Saturday, November 16, 2002


Lactation yoga - nurse lying on your side without getting up to switch sides.

Friday, November 15, 2002


Article at Kellymom: Information is Your Ally in preparing to breastfeed: 10 Tips for Success

Friday, November 8, 2002


When we were dealing with Ollie's 'mild' tongue tie issues, I had such a hard time trying to evaluate whether or not to get his frenulum snipped. And, I felt like everyone I asked (LLL Leader, OB, pediatrician and even the Otolaryngologist we consulted) just kept saying "its up to you." Well, OF COURSE its up to me! But where was I to find scientific, rational guidelines from which to make a decision? Even after researching it extensively, I still just felt ambivalent about the procedure, and whether the benefits would outweigh the negatives. Especially since the Drs would only agree to correct it under general anesthesia, and there are risks with anesthetic especially for an infant.

The Hazelbaker tool is an excellent method for performing this assessment, and gives an easy way to evaluate and score whether or not intervention should be sought. However, I wasn't previously able to find a good explanation of how to use it.

I would encourage any mom considering corrections to tongue tie to look at this article:

From memory I completed the tool today (Ollie's 10.5 mo now) and found that Ollie scored a 7 & 11 on the two areas assessed. Scores of less than 8 of 10 *AND* less than 11 of 14 indicate significant tongue-tie; truly his was/is a mild case. That, combined with the pain I went through, makes me think in retrospect we would have both benefited from having the procedure done.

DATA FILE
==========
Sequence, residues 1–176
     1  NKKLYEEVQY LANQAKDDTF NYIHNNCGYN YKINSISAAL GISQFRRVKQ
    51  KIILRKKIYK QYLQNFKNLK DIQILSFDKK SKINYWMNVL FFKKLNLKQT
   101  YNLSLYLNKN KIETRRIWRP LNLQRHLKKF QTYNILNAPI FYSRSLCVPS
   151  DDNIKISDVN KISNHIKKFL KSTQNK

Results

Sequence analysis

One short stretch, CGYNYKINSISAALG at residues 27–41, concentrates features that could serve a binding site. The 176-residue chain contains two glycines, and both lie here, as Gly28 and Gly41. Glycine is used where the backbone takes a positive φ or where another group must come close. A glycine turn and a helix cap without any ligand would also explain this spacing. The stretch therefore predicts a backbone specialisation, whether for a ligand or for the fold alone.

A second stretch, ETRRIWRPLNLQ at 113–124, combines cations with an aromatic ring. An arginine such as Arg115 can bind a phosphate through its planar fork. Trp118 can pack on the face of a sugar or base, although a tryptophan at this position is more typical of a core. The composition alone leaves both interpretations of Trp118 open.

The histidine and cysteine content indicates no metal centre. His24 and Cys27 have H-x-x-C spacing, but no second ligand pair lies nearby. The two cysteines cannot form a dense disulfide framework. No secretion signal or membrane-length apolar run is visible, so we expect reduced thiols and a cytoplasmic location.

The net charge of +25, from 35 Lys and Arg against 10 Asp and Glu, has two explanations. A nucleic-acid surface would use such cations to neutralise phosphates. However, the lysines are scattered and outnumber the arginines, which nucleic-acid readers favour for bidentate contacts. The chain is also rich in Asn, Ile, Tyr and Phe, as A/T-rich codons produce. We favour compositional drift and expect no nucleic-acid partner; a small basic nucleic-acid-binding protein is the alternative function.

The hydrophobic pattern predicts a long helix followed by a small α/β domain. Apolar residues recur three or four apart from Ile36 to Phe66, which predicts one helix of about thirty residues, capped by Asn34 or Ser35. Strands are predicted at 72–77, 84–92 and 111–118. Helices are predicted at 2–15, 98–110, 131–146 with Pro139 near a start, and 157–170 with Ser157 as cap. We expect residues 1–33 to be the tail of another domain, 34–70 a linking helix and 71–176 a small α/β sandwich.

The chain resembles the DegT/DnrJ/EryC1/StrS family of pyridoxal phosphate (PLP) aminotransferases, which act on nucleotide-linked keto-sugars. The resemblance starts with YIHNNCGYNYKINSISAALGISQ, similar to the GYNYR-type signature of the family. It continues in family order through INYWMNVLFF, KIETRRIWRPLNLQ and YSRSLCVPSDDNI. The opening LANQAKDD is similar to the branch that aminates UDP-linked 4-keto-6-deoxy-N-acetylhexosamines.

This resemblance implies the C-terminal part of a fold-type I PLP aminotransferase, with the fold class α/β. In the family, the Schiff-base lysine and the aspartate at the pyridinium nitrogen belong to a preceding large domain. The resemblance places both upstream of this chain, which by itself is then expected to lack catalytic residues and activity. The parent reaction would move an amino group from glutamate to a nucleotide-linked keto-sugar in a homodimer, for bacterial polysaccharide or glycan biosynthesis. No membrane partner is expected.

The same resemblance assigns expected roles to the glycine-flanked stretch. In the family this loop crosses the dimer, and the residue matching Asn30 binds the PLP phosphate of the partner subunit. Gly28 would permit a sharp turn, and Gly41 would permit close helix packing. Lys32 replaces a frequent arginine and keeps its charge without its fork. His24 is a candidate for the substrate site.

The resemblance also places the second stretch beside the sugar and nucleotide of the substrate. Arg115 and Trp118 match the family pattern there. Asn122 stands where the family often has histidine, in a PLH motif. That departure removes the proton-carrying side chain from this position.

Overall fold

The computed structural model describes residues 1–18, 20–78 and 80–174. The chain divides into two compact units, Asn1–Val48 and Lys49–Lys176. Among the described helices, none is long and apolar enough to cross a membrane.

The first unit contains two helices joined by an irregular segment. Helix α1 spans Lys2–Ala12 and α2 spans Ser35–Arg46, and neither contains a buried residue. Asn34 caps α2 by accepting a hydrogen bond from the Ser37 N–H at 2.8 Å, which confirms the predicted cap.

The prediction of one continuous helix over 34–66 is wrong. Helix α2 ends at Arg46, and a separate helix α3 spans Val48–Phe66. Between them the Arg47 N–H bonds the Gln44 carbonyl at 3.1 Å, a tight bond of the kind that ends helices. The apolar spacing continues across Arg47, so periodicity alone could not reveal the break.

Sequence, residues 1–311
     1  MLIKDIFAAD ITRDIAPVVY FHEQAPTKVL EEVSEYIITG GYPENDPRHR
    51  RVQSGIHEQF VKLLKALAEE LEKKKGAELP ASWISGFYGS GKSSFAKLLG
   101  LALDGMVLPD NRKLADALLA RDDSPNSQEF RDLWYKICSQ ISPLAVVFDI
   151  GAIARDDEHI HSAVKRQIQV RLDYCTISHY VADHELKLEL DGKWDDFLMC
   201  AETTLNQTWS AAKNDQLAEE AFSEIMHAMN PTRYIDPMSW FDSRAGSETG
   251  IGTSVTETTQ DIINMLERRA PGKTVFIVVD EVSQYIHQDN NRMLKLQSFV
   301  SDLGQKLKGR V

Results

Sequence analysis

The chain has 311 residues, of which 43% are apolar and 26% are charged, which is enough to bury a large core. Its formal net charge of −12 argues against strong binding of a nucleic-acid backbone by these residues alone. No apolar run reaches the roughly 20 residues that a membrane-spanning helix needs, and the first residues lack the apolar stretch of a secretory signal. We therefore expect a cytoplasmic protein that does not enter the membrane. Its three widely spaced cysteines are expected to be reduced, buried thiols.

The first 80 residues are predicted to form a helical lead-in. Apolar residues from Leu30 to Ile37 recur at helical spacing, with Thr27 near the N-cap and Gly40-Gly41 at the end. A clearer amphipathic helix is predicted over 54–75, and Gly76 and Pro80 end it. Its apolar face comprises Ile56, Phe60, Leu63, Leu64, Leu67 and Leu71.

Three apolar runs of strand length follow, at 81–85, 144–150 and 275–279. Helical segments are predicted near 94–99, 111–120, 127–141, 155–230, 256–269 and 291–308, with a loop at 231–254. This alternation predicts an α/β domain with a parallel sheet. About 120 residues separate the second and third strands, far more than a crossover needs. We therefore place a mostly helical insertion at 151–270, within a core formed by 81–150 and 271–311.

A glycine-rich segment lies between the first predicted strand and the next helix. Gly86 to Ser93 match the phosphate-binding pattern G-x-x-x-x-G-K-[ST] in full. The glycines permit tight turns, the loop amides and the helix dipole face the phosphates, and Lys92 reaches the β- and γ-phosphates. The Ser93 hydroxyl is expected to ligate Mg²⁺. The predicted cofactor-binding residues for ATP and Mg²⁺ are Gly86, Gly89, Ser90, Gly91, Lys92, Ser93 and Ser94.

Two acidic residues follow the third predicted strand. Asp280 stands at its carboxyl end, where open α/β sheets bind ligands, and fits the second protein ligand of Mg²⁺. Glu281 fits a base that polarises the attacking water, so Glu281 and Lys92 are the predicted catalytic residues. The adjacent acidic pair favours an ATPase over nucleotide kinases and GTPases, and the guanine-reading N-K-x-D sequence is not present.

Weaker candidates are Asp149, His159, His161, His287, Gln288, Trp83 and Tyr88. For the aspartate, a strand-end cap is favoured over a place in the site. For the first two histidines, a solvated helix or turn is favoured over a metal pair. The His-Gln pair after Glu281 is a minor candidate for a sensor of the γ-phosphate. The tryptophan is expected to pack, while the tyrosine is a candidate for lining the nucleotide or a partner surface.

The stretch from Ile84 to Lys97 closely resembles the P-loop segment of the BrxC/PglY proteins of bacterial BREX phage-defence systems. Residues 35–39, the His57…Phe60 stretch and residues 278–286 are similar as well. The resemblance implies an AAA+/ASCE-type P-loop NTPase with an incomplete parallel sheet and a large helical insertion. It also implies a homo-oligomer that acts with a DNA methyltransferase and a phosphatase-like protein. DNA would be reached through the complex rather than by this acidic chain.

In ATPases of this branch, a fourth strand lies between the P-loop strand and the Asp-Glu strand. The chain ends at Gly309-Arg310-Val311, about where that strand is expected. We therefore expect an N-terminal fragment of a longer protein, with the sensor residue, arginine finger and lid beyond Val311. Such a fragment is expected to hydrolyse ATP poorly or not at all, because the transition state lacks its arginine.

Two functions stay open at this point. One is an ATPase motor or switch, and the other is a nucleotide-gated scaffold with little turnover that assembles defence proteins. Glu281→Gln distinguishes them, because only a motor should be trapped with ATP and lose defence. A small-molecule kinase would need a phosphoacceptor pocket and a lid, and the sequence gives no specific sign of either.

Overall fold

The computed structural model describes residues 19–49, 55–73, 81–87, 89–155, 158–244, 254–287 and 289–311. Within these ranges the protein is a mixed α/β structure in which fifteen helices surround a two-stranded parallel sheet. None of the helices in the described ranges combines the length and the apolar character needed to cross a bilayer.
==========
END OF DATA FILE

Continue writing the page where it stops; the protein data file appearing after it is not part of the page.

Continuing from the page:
I wish one of the 'experts' I'd seen had gone through this assessment with me at the time - or that I had known about it and could have used this to guide our discussion! I hope knowing this helps someone else.

Originally published on ivillage, Info on tongue-tie, for anyone trying to decide whether to correct it or not and referenced at Breastfeeding a baby with tongue tie: links from Kellymom.

Saturday, October 26, 2002

Using Antidepressants in Breastfeeding Mothers

Keynote address by Thomas Hale, PhD
LLL of Illinois Area Conference, Bloomingdale, IL
October 26, 2002

Attendee's report by Eva Lyford
reviewed & edited by Thomas Hale, PhD

published at with permission from Eva Lyford and Thomas Hale, PhD

Sunday, September 1, 2002

Bedtime Routines

It has been a real struggle for me to balance the needs of both my babies since my second son was born when my first was only 21 months old. Even though my toddler can be very independent during the day, at night he shows how young he still is. Bedtime can be particularly hectic since that's when the boys seem to both need me 100 percent, and there isn't enough of me to go around. I have been tandem nursing them, but separately; I haven't been able to figure out how to nurse them at the same time. Now that six months have passed since I became the mother of two, I believe I can share some tips with other mothers.